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Yarn Yard Oatie Biscuits

Yarn Yard Oatie Biscuits

Oat Biscuits.

I suppose this is the time to have the biscuit/cookie discussion. To me a biscuit is a hard thing. It doesn't crumble in your hand. It won't disintegrate when dunked into a mug of tea, at least not immediately, and it can survive a school lunch-box without needing to be encased in bubble wrap. A cookie, to my mind is a much softer affair, slightly chewy, almost bending if you try to break a piece off and not lunch-box friendly at all.

What follows is a Natalie-Recipe. It is a Work In Progress. It will evolve from batch to batch. Your results are unlikely to be the same as mine.

2 ounces Golden Syrup (50g)

5 ounces Butter. (125g) Proper Butter. Not spreadable-from-the-fridge stuff. Not Margarine. Economy supermarket is fine. I use salted butter because it's the least expensive.

4 ounces sugar. (100g) You are going to melt it so granulated is fine. Brown will work but I'd try standard tooth-rotting-white for the first batch. Playing comes later.

3 ounces Porage Oats. (75g) For the biscuits above I used economy oats from the supermarket. Oats vary. Jumbo whole-food shop oats behave quite differently and "healthy" oats-with-bran are different again. It doesn't matter what you start with, use whatever is in the cupboard, but remember that if you change over to some other kind, the biscuits will be different next time.

2 ounces coconut (50g) This is entirely optional. There is none in the biscuits in the photo for example. See notes later.

4 ounces Self Raising Flour (100g).

1 HEAPED teaspoon Baking Powder.

If you only have Plain Flour, add an extra heaped tsp Baking Powder. Again, this is economy flour, if you want to use wholemeal, save it for the next batch.

Put syrup, butter and sugar in a saucepan.

Melt. Remove from heat.

Add everything else. Stir lots.

That was easy wasn't it?

Now comes the interesting bit. You are not looking for sloppy mixture. It needs to be thick. The sort of mixture you can pick up with your fingers (watch out, it will be HOT) and roll into balls which are not as big as a golf ball. Your fingers will be greasy from the butter. You should be able to roll it in your palms without it sticking to them.

To achieve this I add "slurps" of extra flour and extra Oats in roughly equal measure. If I use coconut in the recipe, I need to add less additional dry ingredients. Coconut is quite absorbent so you do have to play about with this. Because I don't know about your flour and your oats I can't be specific about what sort of quantities you'll need. This is a method, not an exact science.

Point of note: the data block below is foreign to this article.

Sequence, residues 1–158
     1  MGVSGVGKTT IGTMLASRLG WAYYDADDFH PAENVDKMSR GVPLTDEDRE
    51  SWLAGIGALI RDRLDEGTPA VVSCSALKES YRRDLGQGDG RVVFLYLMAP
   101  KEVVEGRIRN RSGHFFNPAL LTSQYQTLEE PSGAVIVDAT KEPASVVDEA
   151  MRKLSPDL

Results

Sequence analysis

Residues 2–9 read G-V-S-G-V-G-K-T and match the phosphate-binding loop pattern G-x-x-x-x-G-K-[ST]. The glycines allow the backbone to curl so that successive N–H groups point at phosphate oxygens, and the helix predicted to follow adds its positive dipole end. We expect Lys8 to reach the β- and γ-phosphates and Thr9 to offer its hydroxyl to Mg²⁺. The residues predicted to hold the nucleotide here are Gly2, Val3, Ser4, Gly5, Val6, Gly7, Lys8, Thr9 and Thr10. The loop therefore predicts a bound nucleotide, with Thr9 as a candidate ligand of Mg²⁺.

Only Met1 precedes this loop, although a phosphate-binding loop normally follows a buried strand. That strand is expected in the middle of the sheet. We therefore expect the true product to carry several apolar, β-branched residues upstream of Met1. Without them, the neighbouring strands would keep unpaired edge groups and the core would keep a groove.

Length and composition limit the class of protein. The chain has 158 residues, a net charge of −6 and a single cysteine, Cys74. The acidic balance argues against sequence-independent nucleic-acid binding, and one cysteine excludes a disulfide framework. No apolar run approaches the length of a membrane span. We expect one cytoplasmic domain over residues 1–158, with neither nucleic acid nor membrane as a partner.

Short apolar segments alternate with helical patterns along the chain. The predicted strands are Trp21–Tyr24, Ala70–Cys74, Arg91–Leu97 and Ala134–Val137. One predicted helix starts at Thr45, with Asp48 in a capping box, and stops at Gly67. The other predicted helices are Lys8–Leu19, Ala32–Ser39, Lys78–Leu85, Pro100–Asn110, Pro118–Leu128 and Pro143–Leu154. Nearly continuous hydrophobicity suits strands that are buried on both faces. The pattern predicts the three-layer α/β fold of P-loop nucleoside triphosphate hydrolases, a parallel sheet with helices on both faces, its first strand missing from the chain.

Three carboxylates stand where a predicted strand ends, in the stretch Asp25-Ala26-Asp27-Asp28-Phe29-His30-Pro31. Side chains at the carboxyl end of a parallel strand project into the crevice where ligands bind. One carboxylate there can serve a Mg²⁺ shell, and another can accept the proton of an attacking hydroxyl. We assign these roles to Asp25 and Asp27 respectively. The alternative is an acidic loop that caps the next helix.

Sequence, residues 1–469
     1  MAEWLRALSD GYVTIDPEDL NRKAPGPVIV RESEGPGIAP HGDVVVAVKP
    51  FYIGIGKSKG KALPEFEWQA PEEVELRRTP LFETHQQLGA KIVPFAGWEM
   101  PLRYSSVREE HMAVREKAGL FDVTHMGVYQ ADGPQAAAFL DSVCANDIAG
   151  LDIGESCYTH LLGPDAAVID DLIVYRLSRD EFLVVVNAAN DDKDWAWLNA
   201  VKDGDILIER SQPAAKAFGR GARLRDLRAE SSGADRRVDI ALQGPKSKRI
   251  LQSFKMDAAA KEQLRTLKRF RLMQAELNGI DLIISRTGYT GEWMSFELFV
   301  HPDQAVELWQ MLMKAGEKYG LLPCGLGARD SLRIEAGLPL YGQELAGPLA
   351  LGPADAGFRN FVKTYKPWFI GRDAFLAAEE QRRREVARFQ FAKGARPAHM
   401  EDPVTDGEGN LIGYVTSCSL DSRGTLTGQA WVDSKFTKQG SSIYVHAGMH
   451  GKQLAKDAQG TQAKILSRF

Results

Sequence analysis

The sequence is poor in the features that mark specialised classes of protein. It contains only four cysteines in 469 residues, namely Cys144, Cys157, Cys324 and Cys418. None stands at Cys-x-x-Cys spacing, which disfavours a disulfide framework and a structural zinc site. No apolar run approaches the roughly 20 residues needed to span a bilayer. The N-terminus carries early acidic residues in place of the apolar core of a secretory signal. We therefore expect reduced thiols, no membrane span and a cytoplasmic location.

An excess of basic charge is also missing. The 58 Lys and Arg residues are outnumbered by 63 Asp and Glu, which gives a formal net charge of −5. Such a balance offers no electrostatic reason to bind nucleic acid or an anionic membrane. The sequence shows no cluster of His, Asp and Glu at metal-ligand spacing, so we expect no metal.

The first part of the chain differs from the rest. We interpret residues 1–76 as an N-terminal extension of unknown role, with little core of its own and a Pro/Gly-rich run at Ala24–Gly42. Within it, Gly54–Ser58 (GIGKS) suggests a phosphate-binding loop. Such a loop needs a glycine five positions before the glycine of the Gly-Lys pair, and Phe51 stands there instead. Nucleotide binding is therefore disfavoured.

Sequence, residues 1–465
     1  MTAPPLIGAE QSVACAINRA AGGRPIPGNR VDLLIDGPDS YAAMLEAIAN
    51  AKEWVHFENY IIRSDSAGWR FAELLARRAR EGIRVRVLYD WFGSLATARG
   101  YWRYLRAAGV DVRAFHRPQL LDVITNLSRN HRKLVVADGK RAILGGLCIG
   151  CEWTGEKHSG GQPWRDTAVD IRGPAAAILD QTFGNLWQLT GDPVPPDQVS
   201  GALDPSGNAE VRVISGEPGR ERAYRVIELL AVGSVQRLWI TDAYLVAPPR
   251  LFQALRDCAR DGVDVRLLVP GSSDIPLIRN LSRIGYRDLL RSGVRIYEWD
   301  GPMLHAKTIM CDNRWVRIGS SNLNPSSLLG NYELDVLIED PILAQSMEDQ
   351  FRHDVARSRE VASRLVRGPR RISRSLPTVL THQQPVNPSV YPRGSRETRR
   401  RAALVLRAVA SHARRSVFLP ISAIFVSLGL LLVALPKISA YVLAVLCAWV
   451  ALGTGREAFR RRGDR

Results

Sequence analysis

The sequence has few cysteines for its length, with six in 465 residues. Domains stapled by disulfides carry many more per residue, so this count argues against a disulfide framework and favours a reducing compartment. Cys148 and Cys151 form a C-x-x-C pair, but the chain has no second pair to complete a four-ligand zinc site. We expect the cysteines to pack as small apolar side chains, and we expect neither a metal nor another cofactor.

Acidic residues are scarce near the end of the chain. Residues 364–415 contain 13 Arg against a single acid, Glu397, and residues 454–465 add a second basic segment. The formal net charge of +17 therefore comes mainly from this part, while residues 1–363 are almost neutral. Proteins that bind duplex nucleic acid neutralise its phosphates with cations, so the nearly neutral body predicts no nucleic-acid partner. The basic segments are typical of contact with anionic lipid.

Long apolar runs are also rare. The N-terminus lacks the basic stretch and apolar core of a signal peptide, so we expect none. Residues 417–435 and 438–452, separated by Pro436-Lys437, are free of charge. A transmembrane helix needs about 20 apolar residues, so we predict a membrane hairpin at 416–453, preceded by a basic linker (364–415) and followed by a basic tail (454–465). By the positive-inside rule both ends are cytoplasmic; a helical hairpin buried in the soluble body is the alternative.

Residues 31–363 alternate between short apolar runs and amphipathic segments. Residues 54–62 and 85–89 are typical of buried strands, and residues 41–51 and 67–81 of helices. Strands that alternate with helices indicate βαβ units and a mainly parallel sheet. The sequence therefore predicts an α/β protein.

Put the balls, slightly flattened, onto greased baking sheet and bake. Now I put these in the top oven (very hot) of the Aga for about ten minutes. The Aga has solid cast iron doors so I open the door after about ten minutes to see what's happening, and then every couple of minutes to check. If you have a window in your oven door you'll be fine. The original recipe said 20 minutes at Gas Mark 3, but I have never ever cooked them at such a low temperature. I'd go for about Gas 6 BUT KEEP CHECKING THEM. And if someone can tell me what that is in centigrade, it would help a lot!

You are aiming for something golden brown. Not Ginger Nut brown. Not Blonde. This quantity makes about 24 biscuits. I make double (!).

Variations... I haven't found much success with adding dried fruit.
Small seeds like sesame seem okay.
A tablespoon of Peanut Butter is quite good, add to the melting stage with the syrup and be prepared to add extra flour/oats to make up for the extra gloop.
Honey is dreadful, it just seems to burn, but you may have more luck than me with it.
Wholemeal flour will work, but really, - why? These are biscuits, not health bars.
Spices like cinnamon are possible, but Fegrig doesn't like them so I don't use them here.

My recipe is hand written in pencil in the back of a much used cookery book and says "35p per batch (1985)" in the margin. I was a bit obsessive, even then! It's probably about 50p now if you use economy ingredients.

A couple of warnings. They are very more-ish. The mixture is hot, and might not be good for kid cooking, unless you use a teaspoon to make the dollops or allow it to cool a little first.
If you make a double batch the mixture will start to cook in it's own heat in the pan unless you have a massive oven, so it's a good idea to get it all balled-up (and flattened a bit) at once at the beginning if you are only doing a tray of 12 at a time.

These are Designer Biscuits. You are the designer. Make them, and then make them your own!